Forget UK residence and UK nationality and automatic NHS cover. 99% of the employees whether public or private companies don´t know! They also think Scotland is a part of England by the way and that mint sauce is served with beef!

Getting a letter from the GP: I think I wrote that re Techniker because I got annoyed with the proof system. It works ( after about 3 reminders..." your boss said.." ).

By the way, depending, of course, you can get exemption for a year ( possibly till two years) as a freelancer coming to Germany from the UK from the German system....bureaucratic, of course.

Don´t expect too much from your phone calls! Nightmare! :D

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Posted

You can get a letter from the NHS to prove that you were insured. This used to be called form E104, now it's called something else. You can find the info here: http://www.hmrc.gov.uk/cnr/osc.htm#6 where it says: "Statement to assist Sickness Benefit claims (known as an E104 until 30 April 2010). This shows the National Insurance contributions you have paid and can assist a claim for sickness or maternity benefits abroad." and that you should fill out this form: http://www.hmrc.gov.uk/forms/2005/ca3916.pdf to apply for it.

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Posted

The British NHS no longer give out E104 forms, Leon. Some EU directive..too tired now to provide the link. It works with some EU States still, though. There´s now the A1 for self-employed coming here as long as they stay self-employed for a year/2 years and depending on other criteria and you can stay in the UK ( or other home country ) system for a year/2 years.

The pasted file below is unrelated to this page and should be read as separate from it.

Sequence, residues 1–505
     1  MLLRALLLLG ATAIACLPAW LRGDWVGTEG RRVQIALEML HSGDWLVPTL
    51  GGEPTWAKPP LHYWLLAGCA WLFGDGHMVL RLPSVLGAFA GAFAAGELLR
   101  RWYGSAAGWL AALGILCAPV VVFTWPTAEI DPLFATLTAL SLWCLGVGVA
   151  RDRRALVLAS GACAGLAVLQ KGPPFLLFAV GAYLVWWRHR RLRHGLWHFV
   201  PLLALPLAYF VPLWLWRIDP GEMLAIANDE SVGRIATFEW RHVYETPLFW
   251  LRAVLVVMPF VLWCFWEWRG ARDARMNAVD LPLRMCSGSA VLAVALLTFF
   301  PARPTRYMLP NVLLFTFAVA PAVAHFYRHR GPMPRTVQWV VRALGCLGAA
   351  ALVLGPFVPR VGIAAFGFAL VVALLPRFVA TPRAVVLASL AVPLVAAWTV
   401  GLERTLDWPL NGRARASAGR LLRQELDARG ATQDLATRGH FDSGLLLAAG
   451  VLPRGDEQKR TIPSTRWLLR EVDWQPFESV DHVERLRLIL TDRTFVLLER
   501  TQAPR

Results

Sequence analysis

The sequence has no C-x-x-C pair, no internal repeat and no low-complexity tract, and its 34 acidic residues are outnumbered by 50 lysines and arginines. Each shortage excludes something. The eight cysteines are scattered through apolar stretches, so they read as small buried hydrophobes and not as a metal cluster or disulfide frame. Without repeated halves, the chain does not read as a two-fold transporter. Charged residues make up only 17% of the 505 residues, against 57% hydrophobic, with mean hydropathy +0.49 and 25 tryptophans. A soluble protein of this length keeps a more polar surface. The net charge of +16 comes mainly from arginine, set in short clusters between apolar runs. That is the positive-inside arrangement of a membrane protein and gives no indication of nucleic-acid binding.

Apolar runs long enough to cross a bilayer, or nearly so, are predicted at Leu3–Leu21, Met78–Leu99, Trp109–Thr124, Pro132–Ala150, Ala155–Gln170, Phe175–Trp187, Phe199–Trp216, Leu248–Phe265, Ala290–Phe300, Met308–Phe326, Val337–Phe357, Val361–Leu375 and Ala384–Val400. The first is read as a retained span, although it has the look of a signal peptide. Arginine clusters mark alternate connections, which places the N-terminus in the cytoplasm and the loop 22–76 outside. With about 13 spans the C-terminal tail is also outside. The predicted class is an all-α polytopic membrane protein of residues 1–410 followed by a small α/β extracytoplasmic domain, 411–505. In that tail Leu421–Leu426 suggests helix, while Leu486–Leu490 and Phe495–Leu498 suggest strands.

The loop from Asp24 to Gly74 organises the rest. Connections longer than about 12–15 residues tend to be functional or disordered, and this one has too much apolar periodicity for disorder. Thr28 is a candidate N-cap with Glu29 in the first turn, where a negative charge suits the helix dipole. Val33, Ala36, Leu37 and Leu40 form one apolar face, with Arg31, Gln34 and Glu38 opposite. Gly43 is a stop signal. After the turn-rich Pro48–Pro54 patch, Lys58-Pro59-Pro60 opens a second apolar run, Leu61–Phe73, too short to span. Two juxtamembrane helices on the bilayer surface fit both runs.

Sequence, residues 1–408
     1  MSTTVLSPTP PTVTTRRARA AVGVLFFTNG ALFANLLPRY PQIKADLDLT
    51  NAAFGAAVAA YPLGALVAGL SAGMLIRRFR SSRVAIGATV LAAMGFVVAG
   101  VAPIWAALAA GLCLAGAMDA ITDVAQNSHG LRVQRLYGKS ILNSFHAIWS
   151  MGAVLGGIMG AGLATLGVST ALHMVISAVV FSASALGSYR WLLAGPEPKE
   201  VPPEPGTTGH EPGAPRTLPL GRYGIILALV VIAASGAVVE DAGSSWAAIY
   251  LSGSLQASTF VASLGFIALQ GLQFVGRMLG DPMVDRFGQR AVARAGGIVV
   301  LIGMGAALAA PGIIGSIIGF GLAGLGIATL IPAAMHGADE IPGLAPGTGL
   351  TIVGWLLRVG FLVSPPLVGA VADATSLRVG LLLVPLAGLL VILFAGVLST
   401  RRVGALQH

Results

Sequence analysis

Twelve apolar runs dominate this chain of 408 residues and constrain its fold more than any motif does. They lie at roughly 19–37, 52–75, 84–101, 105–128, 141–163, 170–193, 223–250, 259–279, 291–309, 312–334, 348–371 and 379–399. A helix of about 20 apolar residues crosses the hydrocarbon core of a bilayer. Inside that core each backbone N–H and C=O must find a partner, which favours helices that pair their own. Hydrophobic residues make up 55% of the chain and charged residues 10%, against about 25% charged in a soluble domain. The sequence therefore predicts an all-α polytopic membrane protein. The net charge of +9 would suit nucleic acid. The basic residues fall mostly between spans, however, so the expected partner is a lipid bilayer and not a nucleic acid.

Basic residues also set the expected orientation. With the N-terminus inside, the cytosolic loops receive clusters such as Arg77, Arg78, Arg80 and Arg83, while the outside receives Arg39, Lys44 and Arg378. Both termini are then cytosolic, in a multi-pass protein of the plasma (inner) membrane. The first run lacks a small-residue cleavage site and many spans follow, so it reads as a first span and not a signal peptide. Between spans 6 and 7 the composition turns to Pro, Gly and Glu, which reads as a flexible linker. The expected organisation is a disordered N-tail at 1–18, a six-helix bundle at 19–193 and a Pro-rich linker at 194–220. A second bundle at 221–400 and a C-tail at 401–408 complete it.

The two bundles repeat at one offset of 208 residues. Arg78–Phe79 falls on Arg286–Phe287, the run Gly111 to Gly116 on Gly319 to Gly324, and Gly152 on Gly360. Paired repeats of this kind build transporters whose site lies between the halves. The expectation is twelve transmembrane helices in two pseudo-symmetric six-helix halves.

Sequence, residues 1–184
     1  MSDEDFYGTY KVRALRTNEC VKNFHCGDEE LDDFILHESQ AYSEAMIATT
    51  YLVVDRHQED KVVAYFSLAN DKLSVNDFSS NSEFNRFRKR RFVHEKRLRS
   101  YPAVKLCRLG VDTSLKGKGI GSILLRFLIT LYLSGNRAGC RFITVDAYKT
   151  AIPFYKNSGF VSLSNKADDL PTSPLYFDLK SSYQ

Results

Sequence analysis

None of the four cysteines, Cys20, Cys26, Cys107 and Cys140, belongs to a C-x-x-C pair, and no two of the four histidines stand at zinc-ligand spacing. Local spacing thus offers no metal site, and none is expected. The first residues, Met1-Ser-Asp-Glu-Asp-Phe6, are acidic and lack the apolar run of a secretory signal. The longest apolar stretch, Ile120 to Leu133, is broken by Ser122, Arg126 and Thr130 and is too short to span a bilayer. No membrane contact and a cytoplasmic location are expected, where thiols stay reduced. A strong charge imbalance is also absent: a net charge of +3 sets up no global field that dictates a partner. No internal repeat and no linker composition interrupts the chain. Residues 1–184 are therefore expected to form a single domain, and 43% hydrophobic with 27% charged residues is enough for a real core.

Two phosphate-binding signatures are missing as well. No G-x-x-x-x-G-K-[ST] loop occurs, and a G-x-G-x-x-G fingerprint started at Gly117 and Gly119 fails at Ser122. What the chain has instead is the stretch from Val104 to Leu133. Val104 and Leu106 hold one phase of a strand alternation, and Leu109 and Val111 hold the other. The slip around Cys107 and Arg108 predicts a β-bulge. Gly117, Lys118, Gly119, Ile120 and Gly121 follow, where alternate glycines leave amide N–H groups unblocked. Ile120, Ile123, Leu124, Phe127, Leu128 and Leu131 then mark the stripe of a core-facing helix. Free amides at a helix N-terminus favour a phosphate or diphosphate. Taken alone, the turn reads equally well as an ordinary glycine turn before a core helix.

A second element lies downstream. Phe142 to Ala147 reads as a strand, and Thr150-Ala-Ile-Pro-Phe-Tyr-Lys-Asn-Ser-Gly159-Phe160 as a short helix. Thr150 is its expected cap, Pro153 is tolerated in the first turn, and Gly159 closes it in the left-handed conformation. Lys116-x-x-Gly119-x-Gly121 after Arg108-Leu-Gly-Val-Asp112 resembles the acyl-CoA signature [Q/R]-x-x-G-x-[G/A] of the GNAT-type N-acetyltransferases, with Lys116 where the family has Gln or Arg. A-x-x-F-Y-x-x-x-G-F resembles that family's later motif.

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Posted

Thanks for the replies, john g and Leon.

It all looks really complicated but I'm going to give it a shot... wish me luck! :rolleyes:

Just one question before I start ringing round the insurance companies: some of them are "Ersatzkassen" e.g. the KKH. Is this the same as a public insurance company? Are there any disadvantages to being insured with an Ersatzkasse? A quick Wikipedia search threw up something about Bismarck, which wasn't really that helpful.

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Posted

without having seen the forms where they asked for 18 month prior I would venture to say that the 18 month period is listed because if you are a member of a German public health insurance you can only cancel and move to another public health insurance after having been a member for 18+ months.

The change with the E104-forms (now A1) is really a pity as most German public insurances do still not understand that it is now them that have to get the information from the NHS instead of the insurance client/member (as was in the past). This makes it a bit complicated...in my experience at least in a number of EU memberstates the old way still works, i.e. that they still fil out the E104 forms...but the NHS does not seem to that anymore.

Good luck

Cheerio